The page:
The card, which is an optional resource for police services to distribute to Albertans who report sexual violence, includes contact information for agencies and organizations that provide support, the file number and investigator name, and messages such as: “You are not alone” and “You have the right for your needs and wishes to be considered at each stage of the criminal justice process.”
“When someone’s experiencing a very traumatic experience in their life you can’t expect them to be thinking about if I need to follow up who do I contact and that sort of thing, so this will give them that resource,” said Justice Minister Kathleen Ganley.
“It also has a very powerful message on the front just reminding victims of what their rights are in the system, that they do have the right to have their needs and wishes considered. They do have the right to be treated appropriately with dignity and respect, that they should consider accessing medical services. I think that all of this is really important. And reminding victims too that it’s not their fault that they were victims of crime.”
The resource card was recommended by a provincial sexual violence police advisory committee, which was formed in 2015 to find ways to improve support for survivors of sexual assault. Ganley said the committee has also recommended that a provincial standard be developed for police to deal with sexual assault cases.
“We do know that the way survivors of sexual assault interact with the justice system has been problematic historically,” said Ganley.
“There are a fair number of incidents in which survivors have not been treated appropriately in the system and I think there is increasing public awareness of that and I think that as members of the system we should absolutely be doing something to work to address that.”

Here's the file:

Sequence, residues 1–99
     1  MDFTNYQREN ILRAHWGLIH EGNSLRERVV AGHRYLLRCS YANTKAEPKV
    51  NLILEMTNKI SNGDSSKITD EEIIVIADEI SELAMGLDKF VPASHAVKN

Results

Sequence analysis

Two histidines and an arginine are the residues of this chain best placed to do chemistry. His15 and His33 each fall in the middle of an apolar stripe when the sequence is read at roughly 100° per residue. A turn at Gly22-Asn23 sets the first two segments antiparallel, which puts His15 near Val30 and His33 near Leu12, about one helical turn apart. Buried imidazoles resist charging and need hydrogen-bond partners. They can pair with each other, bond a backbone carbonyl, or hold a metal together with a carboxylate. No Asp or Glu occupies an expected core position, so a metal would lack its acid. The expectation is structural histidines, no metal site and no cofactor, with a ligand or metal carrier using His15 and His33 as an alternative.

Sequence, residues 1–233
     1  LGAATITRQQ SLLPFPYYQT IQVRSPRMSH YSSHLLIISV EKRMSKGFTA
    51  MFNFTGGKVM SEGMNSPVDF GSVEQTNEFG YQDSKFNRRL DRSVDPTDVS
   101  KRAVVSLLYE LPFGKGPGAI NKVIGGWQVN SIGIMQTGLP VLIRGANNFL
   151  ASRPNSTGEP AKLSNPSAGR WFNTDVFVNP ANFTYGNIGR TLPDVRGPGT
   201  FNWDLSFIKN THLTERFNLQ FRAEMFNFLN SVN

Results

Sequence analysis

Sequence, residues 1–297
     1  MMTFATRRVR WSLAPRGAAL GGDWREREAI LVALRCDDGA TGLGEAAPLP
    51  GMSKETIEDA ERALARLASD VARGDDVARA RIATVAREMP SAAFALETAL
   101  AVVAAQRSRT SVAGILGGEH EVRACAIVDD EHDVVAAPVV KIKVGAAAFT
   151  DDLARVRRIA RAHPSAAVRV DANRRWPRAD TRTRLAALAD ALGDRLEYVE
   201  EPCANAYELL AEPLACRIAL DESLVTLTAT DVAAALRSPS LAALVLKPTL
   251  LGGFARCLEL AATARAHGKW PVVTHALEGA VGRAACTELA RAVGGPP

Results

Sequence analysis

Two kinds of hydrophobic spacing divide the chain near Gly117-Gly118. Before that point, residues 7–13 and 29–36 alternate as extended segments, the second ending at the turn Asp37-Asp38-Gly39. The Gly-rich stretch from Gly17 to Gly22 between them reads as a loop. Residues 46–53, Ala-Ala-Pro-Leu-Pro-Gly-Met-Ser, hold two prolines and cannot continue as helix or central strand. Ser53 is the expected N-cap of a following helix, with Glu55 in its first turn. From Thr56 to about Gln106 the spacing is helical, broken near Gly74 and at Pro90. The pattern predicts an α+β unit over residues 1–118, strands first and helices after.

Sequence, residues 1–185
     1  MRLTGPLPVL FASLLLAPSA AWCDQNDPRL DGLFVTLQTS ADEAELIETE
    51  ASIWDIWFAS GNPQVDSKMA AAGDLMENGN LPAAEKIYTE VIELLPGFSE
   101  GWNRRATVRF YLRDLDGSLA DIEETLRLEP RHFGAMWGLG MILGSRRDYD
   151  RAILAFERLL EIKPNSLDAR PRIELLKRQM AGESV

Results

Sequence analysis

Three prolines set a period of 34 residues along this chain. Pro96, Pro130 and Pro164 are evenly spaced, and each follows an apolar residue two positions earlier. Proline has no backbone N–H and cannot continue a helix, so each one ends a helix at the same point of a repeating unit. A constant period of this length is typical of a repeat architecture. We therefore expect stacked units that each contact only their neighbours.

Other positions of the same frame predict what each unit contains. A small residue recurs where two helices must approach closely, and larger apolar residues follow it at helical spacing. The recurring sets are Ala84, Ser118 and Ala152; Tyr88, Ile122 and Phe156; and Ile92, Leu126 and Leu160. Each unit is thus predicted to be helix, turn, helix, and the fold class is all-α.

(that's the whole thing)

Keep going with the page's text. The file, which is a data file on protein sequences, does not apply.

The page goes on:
Haley Scott, education and outreach program director with Calgary Communities Against Sexual Abuse, noted sexual violence remains an under-reported crime.
“I think it’s difficult for people to come forward and report because we live in a society that typically silences and minimizes and normalizes sexual violence to the point where when people come forward they are not met with supportive responses,” Scott said.
She added any efforts made by police to ensure people who’ve experienced sexual violence receive messages of support and information about their rights is a step in the right direction.
“I think as support people, and also as first responders, that our response to a disclosure has the power to support but then also the power to inhibit healing, and so I think that it’s essential for all people who are receiving disclosures of sexual violence, including our police, to convey those messages of support and belief,” Scott said.
She said the resource card will also help to ensure that people who have experienced sexual violence have something they can take away and review after reporting the incident to police.
“When you’re in those situations it can be difficult to remember detailed information that’s provided, so being able to take that away, look at it after the fact and see messages of support and then also see information about resources and your rights can be very helpful,” she said.
Ganley said the province hopes to see a positive effect on sexual violence reporting rates through initiatives like this one.
“Each individual survivor is going to have their own journey and make their own decisions based on what’s best for them and any other number of factors in their lives, so we don’t want to say for sure it will have that impact but we hope that if we are really clear and we take the time to say that if people do come forward to the justice system we are going to treat them with dignity and respect, that that will increase the rate of reporting,” Ganley said.
The advisory committee is expected to bring forward recommendations later this year on provincial guidelines to ensure consistency in the investigation of sexual violence cases in Alberta, in addition to standardized training for investigators.